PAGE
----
Vaudeville was a revolutionary genre of theater that combined all three of its predecessors, minstrelsy, burlesque, and variety. Although it may seem surprising when you first hear it, Helen Keller, had her time on the Vaudeville stage accompanied by her teacher/tutor, Annie Sullivan. Primarily, Keller resisted the urges for her to express her special skills on the stage but when she finally agreed, she became a sensation. Moving her career from that of a sophisticated writer and public speaker of her political opinions to that of a performer was not easy but Keller managed. It was her opportunity to silence rumors of her abilities and to show the audiences that she could think for herself.
To begin, Helen Keller was a woman born June of 1880 with disabilities such as blindness, deafness, and muteness affecting her (at the time). From an early age, she wasn’t able to communicate in any way and her parents considered admitting her to an asylum. However, she was later brought to the famous inventor, Alexander Graham Bell who was apparently attempting to find a cure to deafness.
He wasn’t able to help Keller and her family at the moment, but, he did refer them to the Perkins School for the Blind. That is how Keller eventually began to study under the tutelage of Anne Sullivan at her own home. Keller was under the constant supervision of Sullivan who was partially blind and a graduate of the school herself. The two were able to find ways of communicating despite the obvious barriers and as a child still, an article was written about her which skyrocketed her popularity.
During her teenage years, she got numerous calls from Vaudeville urging her to turn her skills into an act for their shows. However, having made a substantial earning and fame through her writing, she didn’t see a need. Keller wanted to be respected as an activist, sophisticated writer, and a political speaker rather than just some act. She didn’t feel she fit in with the singers, dancers, and other performers.
Despite Sullivan attempting to convince her, she refused. Later on in 1919, Keller spent her time traveling to numerous locations every day for lectures but Sullivan’s health was declining and the daily trips to different lecture halls became far too exhausting for the both of them. Additionally, they were low on money since Keller’s previous books had not sparked in popularity and the jobs they had weren’t enough to sustain them.
This triggered their collective decision to involve themselves in Vaudeville because not only would it pay better, but it would also allow the duo to stay in town longer to perform rather than travel back home every day. Keller saw this as an opportunity to educate the general public and release some of the stigma and misconceptions on people with disabilities. In 1920, Keller and Sullivan had been signed onto the Orpheum vaudeville circuit and their 20 minute act entitled, “The Star of Happiness” baffled the audiences who believed she had absolutely no means of communication. Their touring act began with Mendelssohn’s “Spring Song” being played in the background as Sullivan sat alone in a drawing room, retelling the true story of Helen Keller from her childhood,how she developed the skills she had, and her various achievements. After the audience had been caught up, Sullivan would walk Keller onto the stage and she would sit at a piano exclaiming, “It is very beautiful!” People were confused because no one had knowledge that she was able to speak. The rest of their act consisted of Sullivan’s fingerspelling where she would write letters with her finger on Keller’s hand to communicate certain phrases. Another interesting part of their act was how by putting her hand over Sullivan’s face, placing the first finger on the mouth, the second on her nose, and the thumb on the throat, Keller could feel the vibrations when she spoke and used those to understand what she was saying.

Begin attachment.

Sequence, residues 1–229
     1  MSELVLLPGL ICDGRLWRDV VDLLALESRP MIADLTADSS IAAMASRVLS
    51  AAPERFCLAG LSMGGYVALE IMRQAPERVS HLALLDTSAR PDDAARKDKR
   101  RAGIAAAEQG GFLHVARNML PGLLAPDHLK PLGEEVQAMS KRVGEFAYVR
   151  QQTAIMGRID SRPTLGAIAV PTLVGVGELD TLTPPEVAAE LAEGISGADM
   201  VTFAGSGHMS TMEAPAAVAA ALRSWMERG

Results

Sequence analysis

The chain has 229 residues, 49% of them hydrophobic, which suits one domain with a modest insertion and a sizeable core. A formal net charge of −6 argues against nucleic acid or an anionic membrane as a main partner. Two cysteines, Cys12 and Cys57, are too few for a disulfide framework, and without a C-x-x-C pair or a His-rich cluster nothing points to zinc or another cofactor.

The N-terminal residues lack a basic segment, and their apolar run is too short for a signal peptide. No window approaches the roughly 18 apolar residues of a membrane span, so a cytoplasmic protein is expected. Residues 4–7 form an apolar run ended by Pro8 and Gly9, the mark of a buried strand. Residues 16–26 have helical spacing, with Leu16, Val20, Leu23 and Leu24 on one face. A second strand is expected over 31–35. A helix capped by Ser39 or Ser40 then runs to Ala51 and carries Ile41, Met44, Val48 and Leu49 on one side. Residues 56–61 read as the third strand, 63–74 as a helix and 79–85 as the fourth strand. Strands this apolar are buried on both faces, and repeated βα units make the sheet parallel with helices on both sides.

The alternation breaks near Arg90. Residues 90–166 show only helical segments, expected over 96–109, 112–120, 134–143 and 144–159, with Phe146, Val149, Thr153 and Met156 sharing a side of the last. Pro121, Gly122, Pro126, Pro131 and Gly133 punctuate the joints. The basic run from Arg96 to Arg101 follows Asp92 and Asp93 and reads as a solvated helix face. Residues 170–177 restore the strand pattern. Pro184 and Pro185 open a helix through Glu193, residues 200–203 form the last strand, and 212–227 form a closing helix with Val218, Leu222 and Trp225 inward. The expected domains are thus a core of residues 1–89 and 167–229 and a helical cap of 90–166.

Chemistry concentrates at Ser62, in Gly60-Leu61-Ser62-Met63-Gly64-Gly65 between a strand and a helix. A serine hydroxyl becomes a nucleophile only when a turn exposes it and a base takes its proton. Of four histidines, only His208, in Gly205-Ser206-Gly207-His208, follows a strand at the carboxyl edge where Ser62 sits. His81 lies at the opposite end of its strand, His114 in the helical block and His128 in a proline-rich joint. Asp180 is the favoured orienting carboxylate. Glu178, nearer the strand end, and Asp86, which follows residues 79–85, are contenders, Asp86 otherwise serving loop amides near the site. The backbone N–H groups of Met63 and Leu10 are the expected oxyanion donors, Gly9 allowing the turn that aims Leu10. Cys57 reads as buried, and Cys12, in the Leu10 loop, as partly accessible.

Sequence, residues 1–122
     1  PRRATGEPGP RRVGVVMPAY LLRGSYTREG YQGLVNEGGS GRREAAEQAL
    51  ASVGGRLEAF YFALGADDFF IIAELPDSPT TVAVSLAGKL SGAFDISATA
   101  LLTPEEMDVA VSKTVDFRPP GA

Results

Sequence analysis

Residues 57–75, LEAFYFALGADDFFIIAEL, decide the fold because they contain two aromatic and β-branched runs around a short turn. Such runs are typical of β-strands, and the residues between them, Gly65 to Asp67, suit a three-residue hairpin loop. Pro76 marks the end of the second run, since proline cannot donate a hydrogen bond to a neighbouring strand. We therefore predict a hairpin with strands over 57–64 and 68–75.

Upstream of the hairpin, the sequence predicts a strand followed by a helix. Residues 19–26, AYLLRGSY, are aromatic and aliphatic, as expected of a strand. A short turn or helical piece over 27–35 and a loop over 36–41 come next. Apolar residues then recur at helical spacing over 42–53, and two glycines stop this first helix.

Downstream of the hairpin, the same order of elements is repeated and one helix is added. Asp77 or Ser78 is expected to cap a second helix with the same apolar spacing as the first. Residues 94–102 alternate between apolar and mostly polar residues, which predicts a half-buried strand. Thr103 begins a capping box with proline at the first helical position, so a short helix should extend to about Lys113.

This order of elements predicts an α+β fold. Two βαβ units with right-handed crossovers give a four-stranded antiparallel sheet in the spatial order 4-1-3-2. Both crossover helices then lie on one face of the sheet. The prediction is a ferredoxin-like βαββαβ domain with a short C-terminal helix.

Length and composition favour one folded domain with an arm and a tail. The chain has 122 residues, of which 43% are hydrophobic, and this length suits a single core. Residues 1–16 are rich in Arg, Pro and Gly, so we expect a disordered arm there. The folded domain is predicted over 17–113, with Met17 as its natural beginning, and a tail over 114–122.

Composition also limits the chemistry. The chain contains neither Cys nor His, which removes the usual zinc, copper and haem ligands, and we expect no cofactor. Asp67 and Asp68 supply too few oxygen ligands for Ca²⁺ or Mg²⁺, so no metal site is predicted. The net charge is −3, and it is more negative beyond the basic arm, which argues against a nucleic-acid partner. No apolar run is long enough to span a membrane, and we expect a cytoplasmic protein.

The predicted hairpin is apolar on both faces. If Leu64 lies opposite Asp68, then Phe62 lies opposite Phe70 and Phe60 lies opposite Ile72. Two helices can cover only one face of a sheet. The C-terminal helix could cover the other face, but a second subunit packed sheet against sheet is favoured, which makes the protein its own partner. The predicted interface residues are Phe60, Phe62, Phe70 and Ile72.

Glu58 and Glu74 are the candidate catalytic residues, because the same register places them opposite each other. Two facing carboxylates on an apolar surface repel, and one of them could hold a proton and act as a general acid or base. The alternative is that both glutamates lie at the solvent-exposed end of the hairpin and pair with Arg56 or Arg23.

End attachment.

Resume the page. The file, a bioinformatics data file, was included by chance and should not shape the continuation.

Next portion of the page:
Towards the end of the 20 minutes, there was a portion set aside for the audience to ask questions. The inclusion of this section was to silence false rumors. It was motivated by the recent release of a silent film in the form of Helen Keller’s biography which she found inaccurate and patronizing. Keller did not aim to make her act boring or sad at all. She was actually a very comedic woman who used her quick wit to amuse the audiences. She also made sure to express her left-wing and socialist political views because those were constantly shut down in her previous work in the Chautauqua lecture circuit. This specific show became a hit and all of America adored Helen Keller.
Their captivating act had earned them a place on the highest level of stardom in Vaudeville – big time – where they would be paid at least 2,000 dollars a week!Despite the success, the duo was forced to quit the circuit in 1924 when Sullivan’s health declined massively, rendering her unable to care for Keller herself. The five years that the two spent on the Vaudeville stage were very impactful on Vaudeville itself. It showed that the possibility for an act was not limited to dancers, singers, or basic comedians but rather that it was a place where any person could be successful. Most may hear that Helen Keller was once a Vaudeville star and scoff in disbelief but it really is true that this original genre that combined its predecessors was open for everyone. I found it mostly interesting that Helen Keller, even though she had already written books and biographies and even had Hollywood films made about her, she still felt misrepresented and took another step to ensure she was being portrayed accurately.
Although she was deaf, blind, and partially mute, she fought fiercely to use her political voice in speaking out against World War I and on other issues. That is why I believe Helen Keller was a perfect example of how any person could arrive on the Vaudeville stage and succeed.